Ohio Lt. Gov. Mary Taylor, who also is the director of the state’s Department of Insurance, is a Republican who has been highly critical of the federal law known as Obamacare.
In an email distributed Aug. 3, 2013, by KasichforOhio.com, a message bearing Taylor’s name solicits signatures to an online petition against the Affordable Care Act.
"A new study by the Ohio Department of Insurance details how Ohioans can expect to pay up to 41 percent more for their insurance premiums when Obamacare takes effect next year," the message says.
Taylor’s note is accompanied by a photo headlined "41% Increase For Ohioans." In the picture, a smiling Barack Obama is looking toward the image of a woman with her hand over her forehead in anguish.
Sounded and looked pretty bad. PolitiFact Ohio decided to check it out.
We didn’t have to look far for an explanation. When Taylor’s Department of Insurance put out a news release containing essentially the same message, The Plain Dealer investigated the facts behind the study.
Reporter Natalie Villacorta and Washington Bureau Chief Stephen Koff talked with the Department of Insurance and also experts who looked at the department’s findings.
What they found was that the 41 percent figure applies to one group of people -- individuals buying health insurance policies on the new state marketplace, or exchange. And that’s a small percentage of the population.
The majority of Ohioans are insured by group plans, typically offered through their employers. A study done for the state by Milliman, Inc., a consulting firm, found that only 350,000 out of 10 million people with medical coverage in Ohio had these kinds of policies in 2010.
That’s 3.5 percent of the people with medical coverage.
The study by the Insurance Department, the one Taylor’s claim cites, also drew criticism from outside experts. They noted it did not take into account subsidies that will lessen the costs for many people who buy their policies in the exchange.
The average premium for 2014 was estimated at $332.58 a month for individuals, but that figure did not take into account the impact of subsidies that will help reduce out of pocket costs.
Taylor acknowledged to The Plain Dealer that the impact of the subsidies was not factored into the estimates. She said that the Insurance Department did not have the necessary information to calculate the impact of the subsidies.
But the subsidies could have a broad impact.
The Congressional Budget Office estimates that 80 to 90 percent of Americans using the exchange will be eligible for income-based federal subsidies. Those who make less than four times the federal poverty level – $45,960 a year for a single person and $94,200 for a family of four – will be eligible. And that can make a big difference.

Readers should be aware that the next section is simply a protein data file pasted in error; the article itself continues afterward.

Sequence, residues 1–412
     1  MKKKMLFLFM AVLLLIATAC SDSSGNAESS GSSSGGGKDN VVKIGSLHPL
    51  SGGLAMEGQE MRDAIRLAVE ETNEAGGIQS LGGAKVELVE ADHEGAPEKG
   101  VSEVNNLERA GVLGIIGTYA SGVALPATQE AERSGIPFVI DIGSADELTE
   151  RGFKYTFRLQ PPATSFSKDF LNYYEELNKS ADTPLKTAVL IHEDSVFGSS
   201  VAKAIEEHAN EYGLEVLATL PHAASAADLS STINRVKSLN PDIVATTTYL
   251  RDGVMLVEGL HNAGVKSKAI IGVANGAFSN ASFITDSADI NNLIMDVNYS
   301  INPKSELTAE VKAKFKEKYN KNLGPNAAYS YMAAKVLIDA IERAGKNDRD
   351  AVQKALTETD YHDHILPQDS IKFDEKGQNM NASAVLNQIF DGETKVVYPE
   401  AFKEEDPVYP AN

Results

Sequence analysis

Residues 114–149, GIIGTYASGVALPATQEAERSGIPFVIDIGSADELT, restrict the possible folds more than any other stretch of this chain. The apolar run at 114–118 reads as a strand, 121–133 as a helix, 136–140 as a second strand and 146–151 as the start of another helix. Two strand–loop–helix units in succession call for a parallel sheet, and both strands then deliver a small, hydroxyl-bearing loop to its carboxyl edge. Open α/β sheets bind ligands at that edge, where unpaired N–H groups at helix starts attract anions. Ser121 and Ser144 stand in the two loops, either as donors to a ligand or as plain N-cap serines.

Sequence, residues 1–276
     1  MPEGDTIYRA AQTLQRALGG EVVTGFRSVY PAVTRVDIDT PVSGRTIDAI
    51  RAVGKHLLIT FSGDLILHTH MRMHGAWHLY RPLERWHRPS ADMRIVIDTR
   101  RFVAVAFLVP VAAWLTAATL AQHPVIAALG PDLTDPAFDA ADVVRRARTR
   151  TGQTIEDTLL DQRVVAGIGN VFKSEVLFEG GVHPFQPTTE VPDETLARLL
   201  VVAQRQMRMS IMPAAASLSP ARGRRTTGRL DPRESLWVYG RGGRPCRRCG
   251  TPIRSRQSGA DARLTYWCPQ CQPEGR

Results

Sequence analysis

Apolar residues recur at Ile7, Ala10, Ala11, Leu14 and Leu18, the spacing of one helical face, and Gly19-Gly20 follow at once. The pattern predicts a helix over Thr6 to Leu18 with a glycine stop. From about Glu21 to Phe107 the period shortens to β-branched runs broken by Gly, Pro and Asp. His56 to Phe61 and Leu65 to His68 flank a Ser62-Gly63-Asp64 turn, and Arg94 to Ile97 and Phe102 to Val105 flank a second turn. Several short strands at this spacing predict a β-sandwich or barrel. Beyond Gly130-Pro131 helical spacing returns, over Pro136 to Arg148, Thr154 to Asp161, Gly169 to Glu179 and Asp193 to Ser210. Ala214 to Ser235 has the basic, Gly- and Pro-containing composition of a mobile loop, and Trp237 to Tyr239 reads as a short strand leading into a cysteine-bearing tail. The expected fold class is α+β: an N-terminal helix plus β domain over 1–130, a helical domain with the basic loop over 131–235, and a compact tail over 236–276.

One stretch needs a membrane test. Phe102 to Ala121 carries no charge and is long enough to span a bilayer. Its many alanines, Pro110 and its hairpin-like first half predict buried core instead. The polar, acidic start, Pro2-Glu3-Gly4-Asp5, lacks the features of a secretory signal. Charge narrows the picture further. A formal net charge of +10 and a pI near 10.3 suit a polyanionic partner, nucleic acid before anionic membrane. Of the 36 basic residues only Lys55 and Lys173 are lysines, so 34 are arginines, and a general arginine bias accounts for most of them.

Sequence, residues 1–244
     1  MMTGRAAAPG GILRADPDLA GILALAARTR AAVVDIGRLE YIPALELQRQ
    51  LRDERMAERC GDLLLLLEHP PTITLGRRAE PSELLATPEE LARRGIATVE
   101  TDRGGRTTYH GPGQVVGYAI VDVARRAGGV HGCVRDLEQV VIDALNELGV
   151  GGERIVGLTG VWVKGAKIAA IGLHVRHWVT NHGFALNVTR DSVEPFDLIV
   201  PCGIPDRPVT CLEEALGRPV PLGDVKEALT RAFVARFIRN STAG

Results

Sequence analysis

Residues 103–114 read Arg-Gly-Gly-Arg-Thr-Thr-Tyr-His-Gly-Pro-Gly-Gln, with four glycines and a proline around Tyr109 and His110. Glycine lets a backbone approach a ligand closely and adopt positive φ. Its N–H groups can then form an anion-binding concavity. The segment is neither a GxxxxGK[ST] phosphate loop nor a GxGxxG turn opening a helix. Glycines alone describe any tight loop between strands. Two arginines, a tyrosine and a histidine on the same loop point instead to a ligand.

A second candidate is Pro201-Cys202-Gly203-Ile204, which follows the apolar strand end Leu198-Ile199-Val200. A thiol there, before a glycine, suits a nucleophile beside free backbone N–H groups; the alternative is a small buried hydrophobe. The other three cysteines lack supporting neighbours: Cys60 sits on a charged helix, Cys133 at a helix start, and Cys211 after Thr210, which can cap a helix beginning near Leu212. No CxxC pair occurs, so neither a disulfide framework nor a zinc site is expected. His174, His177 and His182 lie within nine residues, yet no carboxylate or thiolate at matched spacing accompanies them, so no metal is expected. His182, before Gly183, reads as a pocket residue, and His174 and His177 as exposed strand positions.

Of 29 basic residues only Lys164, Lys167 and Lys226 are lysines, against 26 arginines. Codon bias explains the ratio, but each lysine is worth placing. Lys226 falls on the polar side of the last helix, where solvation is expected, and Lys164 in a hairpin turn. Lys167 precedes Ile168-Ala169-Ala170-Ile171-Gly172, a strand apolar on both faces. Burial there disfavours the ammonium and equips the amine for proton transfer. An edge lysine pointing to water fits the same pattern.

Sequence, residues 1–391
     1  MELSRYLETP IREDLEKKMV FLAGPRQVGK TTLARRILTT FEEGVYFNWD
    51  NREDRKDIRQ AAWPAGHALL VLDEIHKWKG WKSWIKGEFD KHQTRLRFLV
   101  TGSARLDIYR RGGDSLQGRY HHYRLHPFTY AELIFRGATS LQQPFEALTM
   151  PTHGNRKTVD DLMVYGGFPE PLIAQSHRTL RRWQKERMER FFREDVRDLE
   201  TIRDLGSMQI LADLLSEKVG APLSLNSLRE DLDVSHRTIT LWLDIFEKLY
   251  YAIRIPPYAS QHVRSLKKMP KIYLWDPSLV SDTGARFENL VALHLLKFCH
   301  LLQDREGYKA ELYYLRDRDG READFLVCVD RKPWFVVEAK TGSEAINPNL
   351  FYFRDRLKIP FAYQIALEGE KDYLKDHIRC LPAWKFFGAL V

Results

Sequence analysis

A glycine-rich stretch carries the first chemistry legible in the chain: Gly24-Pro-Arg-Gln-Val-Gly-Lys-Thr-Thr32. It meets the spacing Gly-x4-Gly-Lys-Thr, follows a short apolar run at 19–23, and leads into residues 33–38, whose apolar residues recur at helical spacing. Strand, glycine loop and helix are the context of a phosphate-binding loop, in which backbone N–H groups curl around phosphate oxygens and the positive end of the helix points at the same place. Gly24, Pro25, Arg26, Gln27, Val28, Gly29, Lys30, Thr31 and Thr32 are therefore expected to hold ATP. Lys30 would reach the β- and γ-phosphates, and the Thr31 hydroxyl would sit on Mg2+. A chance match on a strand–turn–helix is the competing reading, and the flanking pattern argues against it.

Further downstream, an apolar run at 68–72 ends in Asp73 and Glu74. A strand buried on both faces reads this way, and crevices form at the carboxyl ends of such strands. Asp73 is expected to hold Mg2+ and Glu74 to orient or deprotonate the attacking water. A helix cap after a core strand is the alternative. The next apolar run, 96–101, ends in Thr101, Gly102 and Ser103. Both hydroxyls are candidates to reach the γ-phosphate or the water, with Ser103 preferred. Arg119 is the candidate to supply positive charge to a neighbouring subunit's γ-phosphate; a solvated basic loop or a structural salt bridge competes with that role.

For example, a 30-year-old individual who makes $30,000 will be expected to pay $2,512 in premiums per year. That breaks down to $209 a month. But in that example, subsidies would cover about $76 of the monthly total.
One other point is that comparing premiums from 2013 plans with those that will be used in 2014 is tricky.
The Insurance Department’s report said 2013’s average premium for individuals was $236. That figure is part of the calculation that yields the 41 percent increase.
A spokesman for the non-partisan Kaiser Family Foundation, Larry Levitt, told The Plain Dealer that there are factors in play, though, that make that average figure artificially low.
First, cheap policies today often come with steep deductibles and co-payments and limited coverages. And second, it can be hard for people with pre-existing conditions to even qualify to purchase an individual policy.
But that changes in 2014, under the Affordable Care Act. Insurers will be required to include coverage for some essential benefits, such as maternity care, in their policies. And, they will not be able to turn away clients with pre-existing conditions.
Furthermore, to arrive at the 41 percent average increase, Taylor included all current policies -- including those with deductibles as high as $25,000, which some health policy analysts say barely qualify as health coverage. By contrast, the Affordable Care Act caps out-of-pocket spending for individuals around $6,000 (indexed for inflation). Mathematically, that doesn't make her figure wrong, but qualitatively, it's like comparing a used Chevy to a new Cadillac.
So where does that leave Taylor’s claim?
She said in the email that "A new study by the Ohio Department of Insurance details how Ohioans can expect to pay up to 41 percent more for their insurance premiums when Obamacare takes effect next year."
Taylor didn’t say all Ohioans. By using the words "up to," she implies that some won’t pay that much. And the Department of Insurance did in fact find some people could pay 41 percent more.
But someone hearing Taylor’s claim would need to know some important details to put it in full context.
While she implies "some Ohioans" rather than all, what her claim makes no mention of is that the 41 percent applies to a very small percentage of Ohioans.
Nor does it mention that the figure would be impacted by federal subsidies for which a large percentage of those purchasing policies on the insurance exchange could qualify.
And, as the expert from Kaiser noted, figuring average premium costs is tricky because some cheaper policies that lower the average price now won’t be available in 2014, while laws requiring certain coverages could push up the 2014 averages.
On the Truth-O-Meter, Taylor’s claim rates Half True.